Thursday, June 15, 2017

Google Buying 300 Modules from CA startup Factory

When Marriot and Google buy into modular construction, you know others will follow.

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This project is funded by Google Alphabet. The last I heard of Michelle Kaufmann, the Architect that brought us the Glidehouse, was that she was part of Google Alphabet, the tech side of Google that is working on urban housing among other things. Not sure if she is still there.

Here is Forbes article:

To Ease Affordable Housing Crunch, Google Will Buy Modular Homes


Google owner Alphabet Inc. is finalizing an order to buy 300 apartment units from Factory OS, a modular-home startup.

The Wall Street Journal is reporting that the tech titan – in an to effort alleviate soaring home prices in Silicon Valley – is likely to use the new dwellings to serve as short-term housing for Google employees.

Modular construction, in which a complete home or an addition is built in a climate-controlled factory and then delivered to the home site, has been around for decades. In recent years, the technology has been deployed to help alleviate housing shortages across the U.S., including Detroit, New York and Miami.

Silicon Valley has been grappling with a severe housing shortage for years and tech companies are increasingly becoming more active in trying to help solve that problem. Late last year Facebook announced that it will spend about $20 million in Menlo Park and East Palo Alto, Calif., two cities that surround its campus, to create a fund to build new housing.

But easing the chronic affordable housing crunch  is an uphill battle. Home prices in tech hubs such as San Jose, Palo Alto and Cupertino rank among the priciest in the country and jumped to record levels again in April.

Santa Clara, Alameda and San Mateo counties all posted all-time median price highs in April, CoreLogic reported.  The price for the typical previously owned home was $1,050,500 in Santa Clara County, which is steadily holding above the $1 million level; $805,000 in Alameda County; $590,000 in Contra Costa County; and $1.4 million in San Mateo County.

CLICK HERE to read the entire Forbes article

Here is a 2015 article from the SF Chronicle about the people behind Factory OG, the modular factory that will be supplying the modular apartments for Google.


Developer sees new possibilities in assembly-line housing

For decades, San Francisco developer Rick Holliday and Holliday Development, like a lot of urban developers, has been fascinated with the possibility of modular construction, the idea that housing units could be produced more efficiently on an assembly line, like an automobile. But each time he came close to giving it a shot, he would see problems. Around the country, modular projects didn’t turn out well — units were flawed, transportation was difficult, contractors were skeptical. What resulted was often more expensive and of poorer quality than if the structure had been built on site.

A 136-unit rental housing project takes place in the Bayview in San Francisco, Calif., on Monday, September 28, 2015.  The developer, Rick Holliday, says he is building twice as fast and saving 25 percent on costs.

“The manufacturers would tell you how wonderful it is, and the developers would always say, ‘It didn’t really work out. I’m not doing a second one,’” Holliday said. “It was the mobile-home industry coming to housing, trying to do more sophisticated infill development, and it wasn’t connecting.”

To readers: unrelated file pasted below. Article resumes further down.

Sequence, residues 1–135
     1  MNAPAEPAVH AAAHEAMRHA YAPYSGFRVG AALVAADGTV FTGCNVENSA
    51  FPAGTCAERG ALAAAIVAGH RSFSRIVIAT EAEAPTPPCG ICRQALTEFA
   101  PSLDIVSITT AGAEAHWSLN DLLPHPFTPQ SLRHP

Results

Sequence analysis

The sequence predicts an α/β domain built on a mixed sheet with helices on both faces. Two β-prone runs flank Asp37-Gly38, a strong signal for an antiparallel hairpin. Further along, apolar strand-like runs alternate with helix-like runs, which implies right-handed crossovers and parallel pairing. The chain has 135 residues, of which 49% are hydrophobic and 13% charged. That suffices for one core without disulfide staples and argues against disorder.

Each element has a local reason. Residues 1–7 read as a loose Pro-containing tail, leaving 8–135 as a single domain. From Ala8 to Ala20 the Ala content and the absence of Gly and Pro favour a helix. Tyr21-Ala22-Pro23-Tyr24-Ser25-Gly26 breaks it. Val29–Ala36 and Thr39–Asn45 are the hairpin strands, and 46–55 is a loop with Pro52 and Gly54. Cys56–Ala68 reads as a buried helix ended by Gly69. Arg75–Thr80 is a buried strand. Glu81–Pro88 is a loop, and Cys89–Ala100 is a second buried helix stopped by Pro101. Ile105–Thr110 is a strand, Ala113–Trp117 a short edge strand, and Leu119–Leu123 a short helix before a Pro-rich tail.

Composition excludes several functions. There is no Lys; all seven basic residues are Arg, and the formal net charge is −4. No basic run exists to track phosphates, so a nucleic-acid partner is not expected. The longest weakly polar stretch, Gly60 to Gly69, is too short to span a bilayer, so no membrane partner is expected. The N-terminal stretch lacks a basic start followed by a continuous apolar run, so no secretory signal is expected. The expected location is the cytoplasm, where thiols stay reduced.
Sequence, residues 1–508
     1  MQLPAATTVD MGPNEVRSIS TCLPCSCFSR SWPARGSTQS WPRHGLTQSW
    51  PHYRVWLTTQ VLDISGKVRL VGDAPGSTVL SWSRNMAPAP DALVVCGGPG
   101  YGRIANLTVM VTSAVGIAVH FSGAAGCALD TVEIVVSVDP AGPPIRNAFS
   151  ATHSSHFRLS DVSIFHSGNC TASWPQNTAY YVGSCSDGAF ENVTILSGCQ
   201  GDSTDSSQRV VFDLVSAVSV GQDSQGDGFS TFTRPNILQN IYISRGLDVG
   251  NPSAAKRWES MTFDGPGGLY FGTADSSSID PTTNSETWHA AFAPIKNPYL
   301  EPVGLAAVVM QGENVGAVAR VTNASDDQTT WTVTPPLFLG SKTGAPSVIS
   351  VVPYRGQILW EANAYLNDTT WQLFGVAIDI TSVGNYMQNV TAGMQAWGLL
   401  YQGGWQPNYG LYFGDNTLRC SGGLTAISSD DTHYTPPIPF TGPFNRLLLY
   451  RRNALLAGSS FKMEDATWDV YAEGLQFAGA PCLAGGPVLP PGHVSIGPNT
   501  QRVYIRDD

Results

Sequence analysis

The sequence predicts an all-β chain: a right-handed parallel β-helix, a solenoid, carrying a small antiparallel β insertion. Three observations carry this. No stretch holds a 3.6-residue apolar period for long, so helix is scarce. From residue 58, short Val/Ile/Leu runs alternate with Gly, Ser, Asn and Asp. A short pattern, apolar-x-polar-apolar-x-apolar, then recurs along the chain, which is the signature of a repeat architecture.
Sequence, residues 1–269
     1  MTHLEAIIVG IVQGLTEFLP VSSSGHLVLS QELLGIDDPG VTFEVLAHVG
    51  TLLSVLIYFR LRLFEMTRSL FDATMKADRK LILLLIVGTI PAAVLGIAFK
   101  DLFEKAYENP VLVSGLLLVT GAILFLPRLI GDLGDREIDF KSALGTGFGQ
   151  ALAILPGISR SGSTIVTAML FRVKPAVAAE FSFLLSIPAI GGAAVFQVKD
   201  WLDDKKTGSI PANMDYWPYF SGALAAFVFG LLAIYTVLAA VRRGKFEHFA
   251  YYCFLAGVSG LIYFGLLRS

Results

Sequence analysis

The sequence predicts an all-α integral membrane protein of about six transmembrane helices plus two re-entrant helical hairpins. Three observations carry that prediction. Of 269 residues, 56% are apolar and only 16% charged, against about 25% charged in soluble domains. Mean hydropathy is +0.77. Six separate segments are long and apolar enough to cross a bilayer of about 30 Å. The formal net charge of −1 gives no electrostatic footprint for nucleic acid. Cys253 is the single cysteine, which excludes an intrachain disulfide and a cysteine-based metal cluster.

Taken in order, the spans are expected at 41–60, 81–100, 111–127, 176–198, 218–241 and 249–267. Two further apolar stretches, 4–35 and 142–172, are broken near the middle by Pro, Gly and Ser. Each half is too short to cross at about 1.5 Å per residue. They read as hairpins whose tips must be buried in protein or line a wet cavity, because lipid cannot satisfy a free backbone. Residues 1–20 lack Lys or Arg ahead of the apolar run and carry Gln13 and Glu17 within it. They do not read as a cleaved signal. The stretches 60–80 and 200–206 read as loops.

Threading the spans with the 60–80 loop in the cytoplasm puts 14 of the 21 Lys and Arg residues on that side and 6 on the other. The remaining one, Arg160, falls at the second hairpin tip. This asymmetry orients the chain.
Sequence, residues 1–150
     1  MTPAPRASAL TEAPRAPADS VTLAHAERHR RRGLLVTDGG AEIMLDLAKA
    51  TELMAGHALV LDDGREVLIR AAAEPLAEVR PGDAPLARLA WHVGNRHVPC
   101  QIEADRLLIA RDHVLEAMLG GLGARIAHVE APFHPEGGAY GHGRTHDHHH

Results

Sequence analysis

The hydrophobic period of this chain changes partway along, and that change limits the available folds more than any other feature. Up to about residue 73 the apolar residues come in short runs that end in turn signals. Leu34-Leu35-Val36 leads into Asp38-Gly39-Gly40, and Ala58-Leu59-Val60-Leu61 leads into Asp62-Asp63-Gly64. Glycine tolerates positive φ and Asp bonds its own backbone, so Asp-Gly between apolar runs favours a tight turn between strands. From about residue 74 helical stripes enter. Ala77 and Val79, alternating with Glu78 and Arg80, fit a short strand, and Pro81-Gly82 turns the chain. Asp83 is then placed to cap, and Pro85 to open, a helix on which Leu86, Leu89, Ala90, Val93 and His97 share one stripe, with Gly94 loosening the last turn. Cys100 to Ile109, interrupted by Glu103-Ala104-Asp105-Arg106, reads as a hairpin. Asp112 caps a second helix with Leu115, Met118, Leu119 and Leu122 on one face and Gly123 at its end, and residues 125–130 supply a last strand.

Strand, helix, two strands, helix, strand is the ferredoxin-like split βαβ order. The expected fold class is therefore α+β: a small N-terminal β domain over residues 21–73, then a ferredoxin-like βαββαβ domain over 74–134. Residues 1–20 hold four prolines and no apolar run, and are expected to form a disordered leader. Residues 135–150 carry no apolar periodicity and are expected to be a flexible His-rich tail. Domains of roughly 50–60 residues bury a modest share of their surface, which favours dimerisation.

In wasn’t until 2013 when Patrick Kennedy of Panoramic Interests did a 23-unit building in South of Market, at 28 Harriet St., that Holliday decided to take a closer look. He contacted Zeta Communities in Sacramento, which built the modules for Kennedy’s project, and worked with Sternberg Benjamin Architects and Cannon Constructors on a design in which 314 boxes are pieced together in nine different floor plans. It took two years to come up with a plan.

Soon Pace was a convert as well.

“Two years ago, I was a pessimist. Now I am a poster child,” said Pace. “We can do this and do it in a big way that will benefit everybody in the community.”

More projects planned

Holliday estimates that the project will cost 20 percent less and be built 40 percent faster than conventional construction. One-bedrooms will rent in the $2,000 range, two-bedrooms in the $3,000 range. The project will cost $225,000 per unit, compared with $275,000 using conventional building techniques, Holliday said.

Holliday and Pace don’t plan on stopping there. They have two sites in West Oakland. In addition, Bridge Housing, the affordable housing developer that Holliday founded, is doing a modular project at the San Leandro BART Station.

“We’re doing another one. It’s already planned,” Holliday said. “And I have another one behind that. We are going to demonstrate replicability. I want to make a leap of progress, and this represents it. It’s in San Francisco. It’s in the Bayview. It’s workforce housing. We’ve done it. We’ve learned a lot.”

Seeking factory in S.F.

Holliday says that he could save even more money if he didn’t have to bring the modules in by truck from Sacramento. Lee is working with the Port of San Francisco to find a site where a modular factory could be built. In his conversation with Lee, Holliday estimated that a manufacturing facility large enough to crank out 1,500 to 2,000 units a year could be built for $10 million in eight to 12 months.

CLICK HERE to read the entire article

An interesting side note, I found a Singapore modular home manufacturer called Factory OG that has interests in CA.

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Could Holliday Development actually be working with this Chinese company? If you know something about this, please share.

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